We Are All People: An American’s Reflection of a Day in Tianjin

September 15, 2020



I am in a unique position where I had the privilege to return to Beijing almost exactly one year after my first trip there. The experience was something completely different. There is a lot I want to talk to you about, but I feel that it is my responsibility to share my interactions with the Chinese people — especially in today’s political climate.

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My friend, Maggie, strolling in Downtown Tianjin

Once again, we have found ourselves lead by a government that consistently villainizes the country of China. While there is much room for criticism of the government, we need to remember that the citizens of China are no different than you or me.

As foreigners, you stick out like a sore thumb. For an introvert, this can be a nightmare when every subway ride consists of someone wanting to practice their English on you, take pictures with you, or ask you questions about your life. However, when I stepped, back I realized what a unique privilege this was. I sat down on the subway and a small boy looked down at my shoes and in excellent English said “Your shoes are beautiful.” Taken aback by the youngsters Anglo-Saxon language I looked at him and said “Thank you.” He then smiled, giggled, and turned to his mother who whispered something in his ear. “My name is King. What is your name?” And we continued engaging in elementary conversation, simply thrilled that we could break down a barrier and communicate with each other in even the simplest language.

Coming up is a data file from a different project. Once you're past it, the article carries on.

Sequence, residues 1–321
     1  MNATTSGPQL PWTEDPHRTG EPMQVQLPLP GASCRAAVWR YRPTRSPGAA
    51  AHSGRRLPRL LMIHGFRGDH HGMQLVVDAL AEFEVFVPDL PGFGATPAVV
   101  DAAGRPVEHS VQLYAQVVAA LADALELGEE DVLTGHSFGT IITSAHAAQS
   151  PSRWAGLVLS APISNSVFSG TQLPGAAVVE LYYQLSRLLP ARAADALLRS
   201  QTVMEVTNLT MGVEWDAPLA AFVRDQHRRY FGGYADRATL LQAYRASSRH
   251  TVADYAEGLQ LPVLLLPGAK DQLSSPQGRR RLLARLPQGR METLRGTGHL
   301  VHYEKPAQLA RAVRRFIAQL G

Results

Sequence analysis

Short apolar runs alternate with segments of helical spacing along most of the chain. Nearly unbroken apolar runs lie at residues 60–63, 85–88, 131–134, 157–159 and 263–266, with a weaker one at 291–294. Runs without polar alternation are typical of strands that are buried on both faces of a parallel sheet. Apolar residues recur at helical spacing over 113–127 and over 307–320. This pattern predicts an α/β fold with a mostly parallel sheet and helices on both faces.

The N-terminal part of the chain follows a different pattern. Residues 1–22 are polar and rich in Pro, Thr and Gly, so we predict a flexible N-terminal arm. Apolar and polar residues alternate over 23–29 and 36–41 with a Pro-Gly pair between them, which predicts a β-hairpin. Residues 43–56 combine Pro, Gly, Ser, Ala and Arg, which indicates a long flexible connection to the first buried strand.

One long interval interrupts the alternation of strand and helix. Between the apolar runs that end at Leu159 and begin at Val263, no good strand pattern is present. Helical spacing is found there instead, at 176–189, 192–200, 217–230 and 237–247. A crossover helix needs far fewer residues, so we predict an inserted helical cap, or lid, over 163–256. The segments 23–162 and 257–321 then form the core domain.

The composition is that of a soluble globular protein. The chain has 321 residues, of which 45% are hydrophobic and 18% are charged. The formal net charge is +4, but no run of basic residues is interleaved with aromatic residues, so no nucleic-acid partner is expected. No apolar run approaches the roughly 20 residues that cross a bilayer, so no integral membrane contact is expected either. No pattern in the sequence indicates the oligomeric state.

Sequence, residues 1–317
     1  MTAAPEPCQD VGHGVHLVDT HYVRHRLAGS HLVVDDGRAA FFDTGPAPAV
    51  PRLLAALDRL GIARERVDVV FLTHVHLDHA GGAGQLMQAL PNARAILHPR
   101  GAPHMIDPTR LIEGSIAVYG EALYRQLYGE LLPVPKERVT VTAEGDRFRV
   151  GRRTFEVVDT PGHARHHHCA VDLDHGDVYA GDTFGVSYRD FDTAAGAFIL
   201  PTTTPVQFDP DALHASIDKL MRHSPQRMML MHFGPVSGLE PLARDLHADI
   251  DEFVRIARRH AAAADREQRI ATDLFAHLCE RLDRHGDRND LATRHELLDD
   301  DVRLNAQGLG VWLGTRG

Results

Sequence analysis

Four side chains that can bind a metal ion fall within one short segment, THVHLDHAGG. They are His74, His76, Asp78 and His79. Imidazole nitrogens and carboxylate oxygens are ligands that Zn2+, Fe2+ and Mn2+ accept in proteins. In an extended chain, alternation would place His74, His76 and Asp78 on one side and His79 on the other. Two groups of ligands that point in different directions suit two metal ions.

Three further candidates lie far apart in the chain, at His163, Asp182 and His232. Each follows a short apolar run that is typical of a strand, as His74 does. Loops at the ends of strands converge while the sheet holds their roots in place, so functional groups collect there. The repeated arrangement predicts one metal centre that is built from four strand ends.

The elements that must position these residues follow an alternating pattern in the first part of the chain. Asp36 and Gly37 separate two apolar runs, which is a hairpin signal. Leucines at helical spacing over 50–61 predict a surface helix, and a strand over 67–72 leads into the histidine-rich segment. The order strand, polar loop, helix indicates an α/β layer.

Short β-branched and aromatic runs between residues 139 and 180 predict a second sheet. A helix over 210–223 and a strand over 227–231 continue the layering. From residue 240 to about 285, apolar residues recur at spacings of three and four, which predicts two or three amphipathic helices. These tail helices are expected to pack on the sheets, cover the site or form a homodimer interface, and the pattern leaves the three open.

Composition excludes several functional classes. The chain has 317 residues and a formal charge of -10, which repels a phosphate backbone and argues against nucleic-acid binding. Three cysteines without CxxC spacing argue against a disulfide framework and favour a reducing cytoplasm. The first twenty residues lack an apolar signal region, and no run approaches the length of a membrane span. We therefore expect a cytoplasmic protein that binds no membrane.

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Tianjin Eye

I remember my friends and I were walking back to the bullet train from Tianjin to Beijing, and I saw a plump police officer standing on his podium. This is a usual sight, found on almost every block. However, I noticed there was a small, stray dog standing at attention by his side. I looked at the dog, and then up at him. Our eyes locked and he smiled for a moment, knowing the comicalness of this tiny dog standing at attention below him. This was perhaps the most memorable moment of my entire voyage. Here I was, an American, laughing about a dog with a member of the feared Chinese police. At that moment, we were simply people.

Whatever your thoughts are on China or any country for that matter — remember that we are all people. Be proud of your country, yes; but be prouder of being part of a borderless humanity

Featured Photo: Tianjin Binhai Library